days per year, an employer is required to provide a medical surveillance program that includes blood-lead sampling and medical examinations. OSHA also requires that any employee who has a BLL of 60 μg/dL or higher or three consecutive BLLs averaging 50 μg/dL or higher be removed from work that involves lead exposure. The employee may resume work that entails lead exposure only after two BLLs are under 40 μg/dL. The OSHA standard assumes that a population of workers exposed at the PEL of 50 μg/m3 will have an average BLL of 40 μg/dL or lower. It allows workers to have BLLs of up to 40 μg/dL for a working lifetime of 40 years. For workers who wish to plan pregnancies, OSHA recommends a BLL of under 30 μg/dL.
The NIOSH (1978) and ACGIH (2001a, b) guidelines are designed similarly to maintain BLLs below a threshold. NIOSH’s recommended exposure limit of 50 μg/m3 was established in 1978 and was aimed at maintaining the BLL below 60 μg/dL. ACGIH established a biological exposure index (BEI®) in 1995 of 30 μg/dL, and its threshold limit value (TLV®) of 50 μg/m3 was intended to maintain workers’ BLLs below the BEI.
Exposure standards and guidelines for protecting the general public from lead in ambient air, drinking water, soil, and consumer products have been established by such agencies as the US Environmental Protection Agency (EPA), the Agency for Toxic Substances and Disease Registry, the Centers for Disease Control and Prevention, the National Toxicology Program (NTP), and the US Food and Drug Administration. The standard for lead in air is undergoing review by EPA. Lead is one of several criteria pollutants for which EPA has established National Ambient Air Quality Standards (NAAQSs). In February 2012, EPA released an Integrated Science Assessment for Lead (Second External Review Draft), which indicates that the NAAQS for lead will probably be reduced (EPA 2012). In June 2012, the NTP completed an evaluation of the scientific evidence on the potential health effects of low-level lead exposure and concluded that “there is sufficient evidence that [BLLs] <10 μg/dL and <5 μg/dL are associated with adverse health effects in children and adults” (NTP 2012).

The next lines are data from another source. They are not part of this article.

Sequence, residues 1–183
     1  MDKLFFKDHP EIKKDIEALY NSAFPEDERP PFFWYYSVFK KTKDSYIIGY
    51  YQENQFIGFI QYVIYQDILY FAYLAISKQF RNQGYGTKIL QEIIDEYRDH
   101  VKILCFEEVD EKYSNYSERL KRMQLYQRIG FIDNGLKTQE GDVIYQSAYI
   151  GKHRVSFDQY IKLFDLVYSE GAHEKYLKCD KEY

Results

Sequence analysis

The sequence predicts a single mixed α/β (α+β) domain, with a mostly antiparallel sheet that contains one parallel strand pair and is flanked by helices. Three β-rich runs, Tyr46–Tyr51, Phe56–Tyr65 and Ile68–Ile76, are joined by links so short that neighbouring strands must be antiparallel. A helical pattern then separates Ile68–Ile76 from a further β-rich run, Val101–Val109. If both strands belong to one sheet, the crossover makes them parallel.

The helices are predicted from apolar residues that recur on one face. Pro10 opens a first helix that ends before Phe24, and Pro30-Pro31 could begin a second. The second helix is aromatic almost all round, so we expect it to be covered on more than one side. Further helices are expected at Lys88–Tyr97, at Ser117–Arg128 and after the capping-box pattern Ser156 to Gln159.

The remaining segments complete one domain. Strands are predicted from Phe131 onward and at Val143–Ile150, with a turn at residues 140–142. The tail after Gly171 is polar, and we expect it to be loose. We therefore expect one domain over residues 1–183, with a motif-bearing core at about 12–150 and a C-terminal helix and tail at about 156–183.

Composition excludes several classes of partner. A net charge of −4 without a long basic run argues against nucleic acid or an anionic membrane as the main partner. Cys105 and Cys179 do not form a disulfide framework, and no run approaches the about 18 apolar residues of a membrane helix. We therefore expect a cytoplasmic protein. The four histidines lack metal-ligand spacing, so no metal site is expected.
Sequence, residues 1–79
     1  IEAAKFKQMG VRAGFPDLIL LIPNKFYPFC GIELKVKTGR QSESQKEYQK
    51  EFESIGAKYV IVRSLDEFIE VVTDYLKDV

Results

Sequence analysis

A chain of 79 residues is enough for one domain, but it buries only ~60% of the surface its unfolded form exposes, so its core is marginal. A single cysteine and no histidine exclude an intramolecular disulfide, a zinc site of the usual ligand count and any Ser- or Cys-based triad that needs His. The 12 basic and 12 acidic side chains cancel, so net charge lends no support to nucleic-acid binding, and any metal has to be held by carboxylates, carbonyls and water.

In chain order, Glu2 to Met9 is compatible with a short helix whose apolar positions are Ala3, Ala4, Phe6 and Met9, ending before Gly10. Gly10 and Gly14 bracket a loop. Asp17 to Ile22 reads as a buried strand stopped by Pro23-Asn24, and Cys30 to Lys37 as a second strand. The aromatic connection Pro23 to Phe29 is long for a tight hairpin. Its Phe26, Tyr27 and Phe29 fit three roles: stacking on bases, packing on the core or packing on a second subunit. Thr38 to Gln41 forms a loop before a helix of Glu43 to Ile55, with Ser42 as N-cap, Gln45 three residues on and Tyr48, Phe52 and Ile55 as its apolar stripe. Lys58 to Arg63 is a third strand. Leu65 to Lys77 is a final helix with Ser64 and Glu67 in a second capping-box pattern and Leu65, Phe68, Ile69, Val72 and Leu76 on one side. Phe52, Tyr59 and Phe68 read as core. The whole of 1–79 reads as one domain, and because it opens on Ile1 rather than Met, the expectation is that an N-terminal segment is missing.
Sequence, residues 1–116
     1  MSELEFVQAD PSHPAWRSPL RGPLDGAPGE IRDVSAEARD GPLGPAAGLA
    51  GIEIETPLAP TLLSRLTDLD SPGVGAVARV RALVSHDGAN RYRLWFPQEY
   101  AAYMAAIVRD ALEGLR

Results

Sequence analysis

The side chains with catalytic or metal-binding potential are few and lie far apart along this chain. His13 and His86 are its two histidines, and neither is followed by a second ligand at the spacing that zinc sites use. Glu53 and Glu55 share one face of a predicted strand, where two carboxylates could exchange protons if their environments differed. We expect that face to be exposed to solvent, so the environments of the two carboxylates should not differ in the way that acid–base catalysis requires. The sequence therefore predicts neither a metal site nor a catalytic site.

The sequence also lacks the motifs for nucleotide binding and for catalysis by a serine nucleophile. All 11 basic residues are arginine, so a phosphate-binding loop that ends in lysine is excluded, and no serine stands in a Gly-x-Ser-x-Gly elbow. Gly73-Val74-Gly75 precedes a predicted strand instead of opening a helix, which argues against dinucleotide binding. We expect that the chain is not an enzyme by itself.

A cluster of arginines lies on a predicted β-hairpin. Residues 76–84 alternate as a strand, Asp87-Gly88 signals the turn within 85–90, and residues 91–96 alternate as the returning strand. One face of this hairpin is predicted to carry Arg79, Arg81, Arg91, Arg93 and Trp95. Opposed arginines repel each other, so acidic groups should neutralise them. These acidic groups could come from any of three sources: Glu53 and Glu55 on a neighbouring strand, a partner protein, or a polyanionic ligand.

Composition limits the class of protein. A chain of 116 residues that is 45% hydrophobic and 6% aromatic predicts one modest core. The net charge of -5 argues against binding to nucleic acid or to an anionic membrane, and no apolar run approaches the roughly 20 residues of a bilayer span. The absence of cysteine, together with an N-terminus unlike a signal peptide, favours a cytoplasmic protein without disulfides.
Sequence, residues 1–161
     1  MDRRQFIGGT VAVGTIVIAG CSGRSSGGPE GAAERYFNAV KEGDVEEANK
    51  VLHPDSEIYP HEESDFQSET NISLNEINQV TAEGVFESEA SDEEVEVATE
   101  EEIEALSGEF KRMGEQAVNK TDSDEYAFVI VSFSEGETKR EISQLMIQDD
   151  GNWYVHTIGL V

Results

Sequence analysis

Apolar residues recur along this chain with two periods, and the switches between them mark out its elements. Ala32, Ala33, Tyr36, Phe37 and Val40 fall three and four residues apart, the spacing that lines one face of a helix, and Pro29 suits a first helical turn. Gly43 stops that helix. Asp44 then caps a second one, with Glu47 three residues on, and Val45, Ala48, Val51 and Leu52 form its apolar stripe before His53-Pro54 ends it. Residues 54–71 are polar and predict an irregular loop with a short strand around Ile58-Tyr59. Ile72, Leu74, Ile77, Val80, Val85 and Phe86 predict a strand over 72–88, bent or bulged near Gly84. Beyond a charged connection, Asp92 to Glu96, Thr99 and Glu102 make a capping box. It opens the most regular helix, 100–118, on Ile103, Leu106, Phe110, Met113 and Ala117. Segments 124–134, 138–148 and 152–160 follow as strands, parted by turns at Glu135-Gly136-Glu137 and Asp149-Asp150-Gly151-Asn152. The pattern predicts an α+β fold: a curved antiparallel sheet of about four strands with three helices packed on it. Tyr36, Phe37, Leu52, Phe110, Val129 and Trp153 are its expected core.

Because changes in environmental and occupational guidelines could affect the use of lead by the Department of Defense (DOD), the department asked the National Research Council to conduct a study of potential occupational health risks posed by exposure to lead. Of particular interest was lead exposure on small-arms firing ranges, especially exposure of range workers, who experience it recurrently. In response, the National Research Council convened the Committee on Potential Health Risks from Recurrent Lead Exposure of DOD Firing Range Personnel.
Members of the committee were selected for their expertise in general toxicology, inhalation toxicology, neurotoxicology, reproductive and developmental toxicology, immunotoxicology, toxicokinetics, epidemiology, industrial